When Boris Johnson rolled back the legal restrictions over summer as Britain emerged from the first lockdown, he was clear that enough was enough:
‘Neither the police themselves, nor the public that they serve, want virtually every aspect of our behaviour to be the subject of the criminal law…After a long period of asking…the British public, to follow very strict and complex rules to bring coronavirus under control…we will be asking [people] to follow guidance on limiting their social contact, rather than forcing them to do so through legislation’.
Alas (as Boris Johnson keeps saying), trust in people doing the right thing voluntarily, rather than under legal obligation, turned out to be short-lived.
Pressure from enforcement agencies played a part. The rule of six? When it was introduced in September, the Home Office said it ‘simplifies and strengthens the rules on social gatherings, making them easier to understand and easier for the police to enforce’. The 10pm hospitality sector legal curfew? ‘To help police enforce this rule, I’m afraid that means, alas, closing and not just calling for last orders, because simplicity is paramount,’ Boris Johnson told MPs.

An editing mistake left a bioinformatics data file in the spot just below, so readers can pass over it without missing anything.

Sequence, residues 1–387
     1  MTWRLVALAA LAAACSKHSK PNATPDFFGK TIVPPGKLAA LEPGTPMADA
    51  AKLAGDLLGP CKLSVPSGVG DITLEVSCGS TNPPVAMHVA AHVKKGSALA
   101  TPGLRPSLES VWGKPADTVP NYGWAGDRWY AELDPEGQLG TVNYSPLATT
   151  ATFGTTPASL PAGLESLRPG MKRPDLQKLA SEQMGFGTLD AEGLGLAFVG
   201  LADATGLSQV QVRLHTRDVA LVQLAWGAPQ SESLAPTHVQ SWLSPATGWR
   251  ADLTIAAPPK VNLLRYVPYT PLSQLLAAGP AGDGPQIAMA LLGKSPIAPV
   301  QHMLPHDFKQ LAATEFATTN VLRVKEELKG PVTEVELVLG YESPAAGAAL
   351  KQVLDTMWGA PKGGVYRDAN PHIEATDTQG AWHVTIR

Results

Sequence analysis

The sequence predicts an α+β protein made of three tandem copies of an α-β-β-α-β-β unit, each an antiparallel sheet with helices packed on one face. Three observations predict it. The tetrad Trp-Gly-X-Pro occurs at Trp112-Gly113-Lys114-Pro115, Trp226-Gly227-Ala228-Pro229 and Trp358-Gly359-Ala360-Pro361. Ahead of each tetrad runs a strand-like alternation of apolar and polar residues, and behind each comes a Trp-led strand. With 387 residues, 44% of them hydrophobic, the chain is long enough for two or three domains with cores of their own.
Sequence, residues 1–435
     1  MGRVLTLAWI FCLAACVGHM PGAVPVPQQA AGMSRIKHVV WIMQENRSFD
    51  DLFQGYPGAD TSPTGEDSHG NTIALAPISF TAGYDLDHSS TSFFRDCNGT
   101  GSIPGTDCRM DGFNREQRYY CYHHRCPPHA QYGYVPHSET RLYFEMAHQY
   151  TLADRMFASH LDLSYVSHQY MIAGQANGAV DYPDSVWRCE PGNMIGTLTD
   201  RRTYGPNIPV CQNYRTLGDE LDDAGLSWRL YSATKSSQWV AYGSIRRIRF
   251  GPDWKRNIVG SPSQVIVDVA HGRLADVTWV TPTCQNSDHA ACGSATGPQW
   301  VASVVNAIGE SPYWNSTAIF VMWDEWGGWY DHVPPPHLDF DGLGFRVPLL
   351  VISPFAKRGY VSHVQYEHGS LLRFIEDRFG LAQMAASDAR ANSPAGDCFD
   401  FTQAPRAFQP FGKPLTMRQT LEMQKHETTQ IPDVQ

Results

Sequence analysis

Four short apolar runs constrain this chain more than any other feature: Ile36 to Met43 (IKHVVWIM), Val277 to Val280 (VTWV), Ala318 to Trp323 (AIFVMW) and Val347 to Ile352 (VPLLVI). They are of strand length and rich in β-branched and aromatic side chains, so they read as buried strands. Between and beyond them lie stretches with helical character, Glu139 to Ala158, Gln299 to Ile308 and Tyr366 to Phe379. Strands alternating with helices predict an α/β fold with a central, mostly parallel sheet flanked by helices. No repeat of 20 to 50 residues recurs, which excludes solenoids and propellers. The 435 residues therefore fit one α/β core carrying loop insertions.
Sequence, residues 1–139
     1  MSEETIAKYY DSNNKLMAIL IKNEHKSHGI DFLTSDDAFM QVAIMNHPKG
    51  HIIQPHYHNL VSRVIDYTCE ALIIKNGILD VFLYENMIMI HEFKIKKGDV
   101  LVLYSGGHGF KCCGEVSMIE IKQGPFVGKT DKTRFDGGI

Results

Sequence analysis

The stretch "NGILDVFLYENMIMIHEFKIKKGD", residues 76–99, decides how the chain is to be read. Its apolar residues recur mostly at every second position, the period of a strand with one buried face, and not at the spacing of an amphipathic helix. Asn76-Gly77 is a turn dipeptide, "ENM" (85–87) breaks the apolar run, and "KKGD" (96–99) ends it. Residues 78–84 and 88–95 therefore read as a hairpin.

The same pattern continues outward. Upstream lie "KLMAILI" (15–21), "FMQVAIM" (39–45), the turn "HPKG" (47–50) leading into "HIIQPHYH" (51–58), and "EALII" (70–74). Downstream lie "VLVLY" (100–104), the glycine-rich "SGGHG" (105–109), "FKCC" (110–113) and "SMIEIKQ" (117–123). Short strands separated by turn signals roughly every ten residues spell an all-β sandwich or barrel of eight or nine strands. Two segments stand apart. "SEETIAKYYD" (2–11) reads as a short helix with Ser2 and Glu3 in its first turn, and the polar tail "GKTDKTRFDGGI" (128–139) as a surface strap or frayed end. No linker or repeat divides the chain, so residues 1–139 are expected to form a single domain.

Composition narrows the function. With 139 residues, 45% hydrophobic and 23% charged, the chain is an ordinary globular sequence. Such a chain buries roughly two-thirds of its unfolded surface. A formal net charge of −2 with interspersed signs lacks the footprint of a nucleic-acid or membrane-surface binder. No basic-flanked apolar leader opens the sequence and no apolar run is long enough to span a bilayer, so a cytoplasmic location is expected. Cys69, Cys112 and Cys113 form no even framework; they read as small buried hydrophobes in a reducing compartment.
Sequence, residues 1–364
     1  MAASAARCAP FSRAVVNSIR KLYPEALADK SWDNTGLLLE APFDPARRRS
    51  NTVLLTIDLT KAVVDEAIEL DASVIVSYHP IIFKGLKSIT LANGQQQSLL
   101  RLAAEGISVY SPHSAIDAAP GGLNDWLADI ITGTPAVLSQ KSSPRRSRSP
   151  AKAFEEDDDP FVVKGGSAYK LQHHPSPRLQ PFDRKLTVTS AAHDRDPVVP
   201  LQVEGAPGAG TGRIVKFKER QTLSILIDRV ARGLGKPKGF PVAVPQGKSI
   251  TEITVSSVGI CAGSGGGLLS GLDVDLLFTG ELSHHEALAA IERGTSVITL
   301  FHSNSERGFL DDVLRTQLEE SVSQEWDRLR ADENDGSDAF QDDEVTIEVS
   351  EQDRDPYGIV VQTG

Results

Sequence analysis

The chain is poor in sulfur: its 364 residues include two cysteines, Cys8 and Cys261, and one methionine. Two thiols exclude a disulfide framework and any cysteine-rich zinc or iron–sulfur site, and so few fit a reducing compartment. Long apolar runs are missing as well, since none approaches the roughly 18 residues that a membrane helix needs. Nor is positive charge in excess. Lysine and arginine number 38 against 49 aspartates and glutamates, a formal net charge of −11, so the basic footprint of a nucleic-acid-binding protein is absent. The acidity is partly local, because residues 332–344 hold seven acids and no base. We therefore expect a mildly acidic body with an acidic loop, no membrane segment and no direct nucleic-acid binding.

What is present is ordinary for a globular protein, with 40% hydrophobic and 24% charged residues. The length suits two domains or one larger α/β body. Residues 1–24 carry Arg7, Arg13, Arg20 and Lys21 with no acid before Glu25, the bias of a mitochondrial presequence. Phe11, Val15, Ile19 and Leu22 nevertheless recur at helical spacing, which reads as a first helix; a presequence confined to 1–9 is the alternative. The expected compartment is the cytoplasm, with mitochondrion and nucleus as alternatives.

Full legislative behavioural control has returned with Lockdown 3. The law is very complex – the mere 12 pages of regulations for the English Lockdown 1 have been superseded by 120 pages of the (thrice amended) Health Protection (Coronavirus, Restrictions) (All Tiers) (England) Regulations 2020. Intricacy more appropriate to the Dungeons and Dragons’ rulebook has not stopped an accompanying barrage of guidance, ministerial statements, spokespersons’ clarifications, police pronouncements, public information posters and pop-ups.
In several respects, Lockdown 3 is less restrictive than Lockdown 1. The concept of linked households (support and childcare bubbles) makes welcome allowances for single people and grandparents. Exercise outdoors with a single member of another household is now permitted.